Friday, November 20, 2015

Mark Ethridge Week 176: I See Angry People (Part 5)

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Mark Ethridge’s Picture Choice: 1

Title: I See Angry People (Part 5)

I woke from a dream of being trapped on a boat on the ocean, by myself, with waves tossing my boat around, threatening to wash me overboard, and carry me to a watery tomb.

It was raining. Pouring, actually. Thunder, lightning, howling wind. I knew the sun was up, I could see the trees around me, green leaves and all. I could only do that when the sun was up. So, I’d been out for a while. I didn’t know how long, and with the sky filled with clouds, I had no way of telling what part of the day it was.

And I was soaked to the bone. Which didn’t strike me as a bad thing, given the wound in my arm. Clean water on a wound couldn’t hurt, so I held my arm out as best I could, and let it get soaked. Once the caked on blood, sweat, and dirt were washed off, I tied the wound up in a shirt sleeve, and decided I needed to chance calling on the animals for help.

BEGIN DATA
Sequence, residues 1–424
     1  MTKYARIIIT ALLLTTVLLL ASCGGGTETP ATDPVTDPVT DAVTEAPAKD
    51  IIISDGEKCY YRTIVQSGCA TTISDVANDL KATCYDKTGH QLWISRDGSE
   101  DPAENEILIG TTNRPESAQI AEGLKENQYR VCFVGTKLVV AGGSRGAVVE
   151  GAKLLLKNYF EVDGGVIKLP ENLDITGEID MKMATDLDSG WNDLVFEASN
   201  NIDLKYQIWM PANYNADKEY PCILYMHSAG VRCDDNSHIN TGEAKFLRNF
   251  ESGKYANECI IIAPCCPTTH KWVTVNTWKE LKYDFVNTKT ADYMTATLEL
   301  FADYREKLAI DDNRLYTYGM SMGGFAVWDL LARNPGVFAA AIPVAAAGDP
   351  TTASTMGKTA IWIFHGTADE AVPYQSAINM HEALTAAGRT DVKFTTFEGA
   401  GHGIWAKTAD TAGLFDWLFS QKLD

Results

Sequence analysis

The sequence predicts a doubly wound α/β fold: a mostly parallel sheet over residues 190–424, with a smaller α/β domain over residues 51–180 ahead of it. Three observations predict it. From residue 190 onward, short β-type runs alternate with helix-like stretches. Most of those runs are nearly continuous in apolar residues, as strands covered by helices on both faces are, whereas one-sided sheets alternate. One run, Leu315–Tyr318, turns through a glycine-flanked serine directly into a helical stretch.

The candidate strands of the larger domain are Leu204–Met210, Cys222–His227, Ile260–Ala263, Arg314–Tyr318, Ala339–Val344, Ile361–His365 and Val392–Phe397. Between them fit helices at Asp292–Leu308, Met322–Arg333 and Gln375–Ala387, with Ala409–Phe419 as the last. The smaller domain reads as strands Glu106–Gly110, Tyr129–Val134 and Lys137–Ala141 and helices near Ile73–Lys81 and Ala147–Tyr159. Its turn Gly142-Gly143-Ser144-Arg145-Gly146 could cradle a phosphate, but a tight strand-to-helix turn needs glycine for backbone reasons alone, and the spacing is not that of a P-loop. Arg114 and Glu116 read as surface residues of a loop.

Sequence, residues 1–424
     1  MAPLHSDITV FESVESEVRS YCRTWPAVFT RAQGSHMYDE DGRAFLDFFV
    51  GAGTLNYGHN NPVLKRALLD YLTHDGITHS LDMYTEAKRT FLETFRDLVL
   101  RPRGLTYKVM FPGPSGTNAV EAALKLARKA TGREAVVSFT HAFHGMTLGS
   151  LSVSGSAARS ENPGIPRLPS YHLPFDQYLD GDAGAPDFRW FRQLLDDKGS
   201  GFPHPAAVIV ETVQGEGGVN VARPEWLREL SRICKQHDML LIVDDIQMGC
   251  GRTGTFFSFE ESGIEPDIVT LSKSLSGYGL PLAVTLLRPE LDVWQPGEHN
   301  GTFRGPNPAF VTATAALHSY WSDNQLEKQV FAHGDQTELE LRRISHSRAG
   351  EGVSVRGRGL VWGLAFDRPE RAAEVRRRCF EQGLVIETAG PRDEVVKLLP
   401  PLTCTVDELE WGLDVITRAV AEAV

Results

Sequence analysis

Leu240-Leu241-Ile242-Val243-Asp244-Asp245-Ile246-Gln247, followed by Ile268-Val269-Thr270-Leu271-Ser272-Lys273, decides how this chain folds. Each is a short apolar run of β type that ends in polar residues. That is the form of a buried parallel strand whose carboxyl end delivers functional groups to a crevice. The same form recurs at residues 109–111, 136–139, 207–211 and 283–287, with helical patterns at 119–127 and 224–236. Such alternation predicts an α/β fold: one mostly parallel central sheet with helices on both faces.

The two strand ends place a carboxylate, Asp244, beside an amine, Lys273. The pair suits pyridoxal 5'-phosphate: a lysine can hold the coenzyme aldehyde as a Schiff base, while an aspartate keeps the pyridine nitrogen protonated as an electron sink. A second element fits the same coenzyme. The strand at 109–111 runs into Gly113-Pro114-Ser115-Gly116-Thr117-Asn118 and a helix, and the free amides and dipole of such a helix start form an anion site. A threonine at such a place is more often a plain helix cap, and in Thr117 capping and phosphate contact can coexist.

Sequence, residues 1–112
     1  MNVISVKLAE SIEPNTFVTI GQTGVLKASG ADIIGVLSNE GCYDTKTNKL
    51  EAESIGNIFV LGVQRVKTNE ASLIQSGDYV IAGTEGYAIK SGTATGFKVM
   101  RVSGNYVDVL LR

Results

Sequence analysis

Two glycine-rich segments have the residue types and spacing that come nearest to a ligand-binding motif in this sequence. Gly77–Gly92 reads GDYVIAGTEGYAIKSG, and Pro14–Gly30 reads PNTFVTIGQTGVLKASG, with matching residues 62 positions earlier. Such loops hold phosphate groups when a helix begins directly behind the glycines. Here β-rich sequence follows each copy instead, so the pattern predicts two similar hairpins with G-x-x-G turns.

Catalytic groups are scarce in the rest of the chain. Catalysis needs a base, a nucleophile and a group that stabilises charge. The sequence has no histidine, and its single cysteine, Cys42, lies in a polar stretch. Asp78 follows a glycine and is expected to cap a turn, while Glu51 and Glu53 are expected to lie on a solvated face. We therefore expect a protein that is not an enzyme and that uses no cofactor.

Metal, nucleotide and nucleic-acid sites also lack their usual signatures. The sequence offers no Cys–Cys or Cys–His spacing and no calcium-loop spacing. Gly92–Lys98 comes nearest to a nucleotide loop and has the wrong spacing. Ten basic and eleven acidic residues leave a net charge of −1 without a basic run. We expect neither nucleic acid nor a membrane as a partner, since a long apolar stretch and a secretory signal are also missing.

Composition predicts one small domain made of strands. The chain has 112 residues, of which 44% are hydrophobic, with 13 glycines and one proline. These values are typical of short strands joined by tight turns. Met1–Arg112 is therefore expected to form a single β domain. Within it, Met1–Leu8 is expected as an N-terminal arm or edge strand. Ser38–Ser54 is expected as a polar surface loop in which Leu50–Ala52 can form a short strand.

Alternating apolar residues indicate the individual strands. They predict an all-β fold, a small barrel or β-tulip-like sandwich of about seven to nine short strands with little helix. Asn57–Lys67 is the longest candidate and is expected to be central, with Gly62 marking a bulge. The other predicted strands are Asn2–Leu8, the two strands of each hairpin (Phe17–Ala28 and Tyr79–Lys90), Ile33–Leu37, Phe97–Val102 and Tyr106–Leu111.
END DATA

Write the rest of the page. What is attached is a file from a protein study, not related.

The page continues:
I let out the howl the wolves had taught me, and listened. Nothing. Nothing but silence, the sound of the wind, the rumble of thunder. There were no wolves in hearing distance.

I screamed like an eagle, and was rewarded a few minutes later when an eagle screamed back. I screamed again, and waited. A golden eagle landed on a tree branch nearby, and stared at me. I chirped, the way Jillian had taught me.

The eagle studied me a while, then screamed, flapped it’s wings, and motioned its head, liked I should follow it.

I did.

We headed north, further from the fence. I was tired, hungry, and weakened from my wound. The eagle knew. It circled back frequently to check on me, make sure I was keeping up, that I knew where it wanted me to go.

After a few hundred yards, my arm was on fire again, and I felt blood leaking from the wound, running down my arm, dripping off my elbow and fingertips.